This “sermon,” based on a chapter from the book The Wind in the Willows by Kenneth Grahame, was read by Rev. Dan Harper and Emma Mitchell.
SERMON — “Dulce Domum”
Somehow, in our culture, this December season has become associated with the pleasurable side of being home. When we dream of white, snowy Christmasses, we dream of the ones we used to have back home. This association — of home and the darkest time of year — has nothing to do with Christmas. I believe it comes from another one of the roots of our culture, the ancient Northern European pagan celebration of solstice and Yule. In ancient times in northern Europe, of course you wanted to be at home at this time of year — better to be at home, even with any family squabbles you might have to endure, than to be outdoors in the bitter cold with the hungry wolves howling.
But I’d like to believe that you can leave home and make a new home; if for no other reason than that children need to be able to grow up and move out and make their own homes. I have a story about Yuletide, and leaving home, which is from the book The Wind in the Willows. In this book, the Mole left his home one spring, and he wound up living on the River bank with a new friend, the Water Rat. Our story commences half a year later, on a cold December day:
[The Mole and the Water Rat] were returning across country after a long day’s outing with [their friend] Otter, hunting and exploring on the wide uplands where certain streams tributary to their own River had their first small beginnings; and the shades of the short winter day were closing in on them, and they had still some distance to go….
They plodded along steadily and silently, each of them thinking his own thoughts. The Mole’s ran a good deal on supper, as it was pitch-dark…. As for the Rat, he was walking a little way ahead, as his habit was, his shoulders humped, his eyes fixed on the straight grey road in front of him. [Suddenly, the Mole smelled something that reminded him of home -- his old home, that he had abandoned so long ago. But the unsuspecting Water Rat urged him to be a good fellow and come along before the snow started.... [When much later, they stopped to rest,] poor Mole at last…cried freely and helplessly and openly, now that he knew it was all over and he had lost what he could hardly be said to have found.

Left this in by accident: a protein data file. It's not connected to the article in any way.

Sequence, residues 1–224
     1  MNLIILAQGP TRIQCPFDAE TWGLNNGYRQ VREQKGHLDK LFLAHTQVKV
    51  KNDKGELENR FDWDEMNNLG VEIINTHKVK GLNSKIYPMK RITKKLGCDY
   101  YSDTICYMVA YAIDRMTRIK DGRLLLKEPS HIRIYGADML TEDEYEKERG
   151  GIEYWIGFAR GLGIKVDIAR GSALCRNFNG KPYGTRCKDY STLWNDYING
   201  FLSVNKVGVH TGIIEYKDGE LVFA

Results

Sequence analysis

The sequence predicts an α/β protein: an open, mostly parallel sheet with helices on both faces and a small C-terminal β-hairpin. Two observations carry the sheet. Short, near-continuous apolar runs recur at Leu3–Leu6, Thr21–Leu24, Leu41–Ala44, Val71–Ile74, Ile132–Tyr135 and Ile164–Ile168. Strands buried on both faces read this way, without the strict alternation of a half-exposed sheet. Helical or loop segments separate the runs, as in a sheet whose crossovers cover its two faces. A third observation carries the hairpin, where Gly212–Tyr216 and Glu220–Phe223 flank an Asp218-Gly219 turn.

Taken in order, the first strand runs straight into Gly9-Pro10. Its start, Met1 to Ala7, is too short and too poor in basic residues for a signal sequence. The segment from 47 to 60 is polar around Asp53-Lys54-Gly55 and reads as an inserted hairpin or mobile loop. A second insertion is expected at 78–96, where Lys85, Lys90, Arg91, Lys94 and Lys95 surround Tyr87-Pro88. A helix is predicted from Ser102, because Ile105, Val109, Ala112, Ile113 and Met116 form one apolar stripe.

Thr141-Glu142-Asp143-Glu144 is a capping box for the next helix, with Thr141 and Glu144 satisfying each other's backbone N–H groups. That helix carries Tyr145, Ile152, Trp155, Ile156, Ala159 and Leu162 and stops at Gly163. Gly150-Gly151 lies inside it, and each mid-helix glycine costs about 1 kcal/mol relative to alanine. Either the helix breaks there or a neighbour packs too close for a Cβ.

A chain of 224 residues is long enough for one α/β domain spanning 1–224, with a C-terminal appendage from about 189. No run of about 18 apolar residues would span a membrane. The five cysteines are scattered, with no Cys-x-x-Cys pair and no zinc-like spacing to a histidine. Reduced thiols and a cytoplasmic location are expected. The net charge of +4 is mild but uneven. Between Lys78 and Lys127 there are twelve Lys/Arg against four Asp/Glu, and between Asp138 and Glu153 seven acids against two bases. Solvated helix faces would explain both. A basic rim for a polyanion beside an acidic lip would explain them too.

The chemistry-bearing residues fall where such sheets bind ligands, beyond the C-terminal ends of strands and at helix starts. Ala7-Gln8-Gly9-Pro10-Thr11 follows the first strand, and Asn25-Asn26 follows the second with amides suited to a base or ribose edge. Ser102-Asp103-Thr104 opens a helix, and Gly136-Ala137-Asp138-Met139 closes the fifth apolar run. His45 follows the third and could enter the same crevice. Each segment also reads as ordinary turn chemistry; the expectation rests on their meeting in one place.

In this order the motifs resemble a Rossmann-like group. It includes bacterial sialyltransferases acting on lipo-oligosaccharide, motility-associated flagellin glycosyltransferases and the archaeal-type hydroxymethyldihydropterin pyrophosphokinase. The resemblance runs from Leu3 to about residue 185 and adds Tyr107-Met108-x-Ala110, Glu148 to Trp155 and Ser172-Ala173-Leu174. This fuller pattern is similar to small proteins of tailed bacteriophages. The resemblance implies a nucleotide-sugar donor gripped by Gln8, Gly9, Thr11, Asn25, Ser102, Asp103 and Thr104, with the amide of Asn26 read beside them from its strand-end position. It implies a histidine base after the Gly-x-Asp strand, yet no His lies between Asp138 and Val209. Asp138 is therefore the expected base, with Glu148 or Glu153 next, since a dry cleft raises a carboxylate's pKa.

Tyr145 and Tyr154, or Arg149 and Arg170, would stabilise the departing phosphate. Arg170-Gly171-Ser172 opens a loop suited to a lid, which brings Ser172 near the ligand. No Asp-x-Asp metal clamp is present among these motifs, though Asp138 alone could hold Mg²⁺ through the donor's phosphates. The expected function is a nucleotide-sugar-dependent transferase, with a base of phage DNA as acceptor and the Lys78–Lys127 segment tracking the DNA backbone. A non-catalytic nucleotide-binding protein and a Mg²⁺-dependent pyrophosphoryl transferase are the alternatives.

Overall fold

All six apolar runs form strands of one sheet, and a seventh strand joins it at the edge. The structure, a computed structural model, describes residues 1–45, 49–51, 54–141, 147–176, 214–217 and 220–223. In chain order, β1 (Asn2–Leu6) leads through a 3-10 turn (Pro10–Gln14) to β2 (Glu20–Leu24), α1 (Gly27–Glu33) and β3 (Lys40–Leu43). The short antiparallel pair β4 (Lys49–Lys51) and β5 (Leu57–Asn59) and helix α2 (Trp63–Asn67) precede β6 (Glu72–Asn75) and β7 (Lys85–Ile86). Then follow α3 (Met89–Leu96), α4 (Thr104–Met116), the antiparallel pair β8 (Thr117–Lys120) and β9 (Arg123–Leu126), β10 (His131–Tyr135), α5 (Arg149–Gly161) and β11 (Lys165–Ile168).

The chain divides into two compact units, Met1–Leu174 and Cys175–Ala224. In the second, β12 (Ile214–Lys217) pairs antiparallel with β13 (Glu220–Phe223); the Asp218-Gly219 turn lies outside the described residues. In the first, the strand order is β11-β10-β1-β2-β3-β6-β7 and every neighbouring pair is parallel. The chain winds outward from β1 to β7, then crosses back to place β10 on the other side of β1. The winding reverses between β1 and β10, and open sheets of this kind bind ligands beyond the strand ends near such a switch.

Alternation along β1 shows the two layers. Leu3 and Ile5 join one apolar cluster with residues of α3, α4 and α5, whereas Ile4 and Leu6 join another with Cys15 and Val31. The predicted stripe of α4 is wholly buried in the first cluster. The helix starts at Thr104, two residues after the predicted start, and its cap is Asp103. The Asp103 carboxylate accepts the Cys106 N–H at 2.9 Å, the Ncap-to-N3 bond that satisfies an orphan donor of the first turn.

The Rat, astonished and dismayed at the violence of Mole’s paroxysm of grief, did not dare to speak for a while. At last he said, very quietly and sympathetically, ‘What is it, old fellow? Whatever can be the matter? Tell us your trouble, and let me see what I can do.’
Poor Mole found it difficult to get any words out between the upheavals of his chest that followed one upon another so quickly and held back speech and choked it as it came. ‘I know it’s a — shabby, dingy little place,’ he sobbed forth at last, brokenly: ‘not like — your cosy quarters… but it was my own little home — and I was fond of it — and I went away and forgot all about it — and then I smelt it suddenly — on the road, when I called and you wouldn’t listen, Rat –… We might have just gone and had one look at it, Ratty — … it was close by — but you wouldn’t turn back, Ratty, you wouldn’t turn back! O dear, O dear!’….
The Rat stared straight in front of him, saying nothing, only patting Mole gently on the shoulder. After a time he muttered gloomily, ‘I see it all now! what a pig I’ve been!’ …Then he rose from his seat, and, remarking carelessly, ‘Well, now we’d really better be getting on, old chap!’ set off up the road again, over the toilsome way they had come.
‘Wherever are you (hic) going to (hic), Ratty?’ cried the tearful Mole, looking up in alarm.
‘We’re going to find that home of yours, old fellow,’ replied the Rat pleasantly; ‘so you had better come along, for it will take some finding, and we shall want your nose.’…
They moved on in silence for some little way, when suddenly the Rat was conscious, through his arm that was linked in Mole’s, of a faint sort of electric thrill that was passing down that animal’s body…. Mole stood a moment rigid, while his uplifted nose, quivering slightly, felt the air. Then a short, quick run forward — a fault — a check — a try back; and then a slow, steady, confident advance.
The Rat, much excited, kept close to his heels as the Mole… nosed his way over a field open and trackless and bare in the faint starlight. Suddenly, without giving warning, he dived; but the Rat was on the alert, and promptly followed him down the tunnel to which his unerring nose had faithfully led him.
It was close and airless, and the earthy smell was strong, and it seemed a long time to Rat ere the passage ended and he could stand erect and stretch and shake himself. The Mole struck a match, and by its light the Rat saw that they were standing in an open space, neatly swept and sanded underfoot, and directly facing them was Mole’s little front door, with ‘Mole End’ painted, in Gothic lettering, over the bell-pull at the side.
Mole reached down a lantern from a nail on the wail and lit it, and the Rat, looking round him, saw that they were in a sort of fore-court. A garden-seat stood on one side of the door, and on the other a roller; for the Mole… was a tidy animal…. Down on one side of the forecourt ran a skittle-alley, with benches along it and little wooden tables marked with rings that hinted at beer-mugs. In the middle was a small round pond containing gold-fish and surrounded by a cockle-shell border. Out of the centre of the pond rose a fanciful erection clothed in more cockle-shells and topped by a large silvered glass ball that reflected everything all wrong and had a very pleasing effect.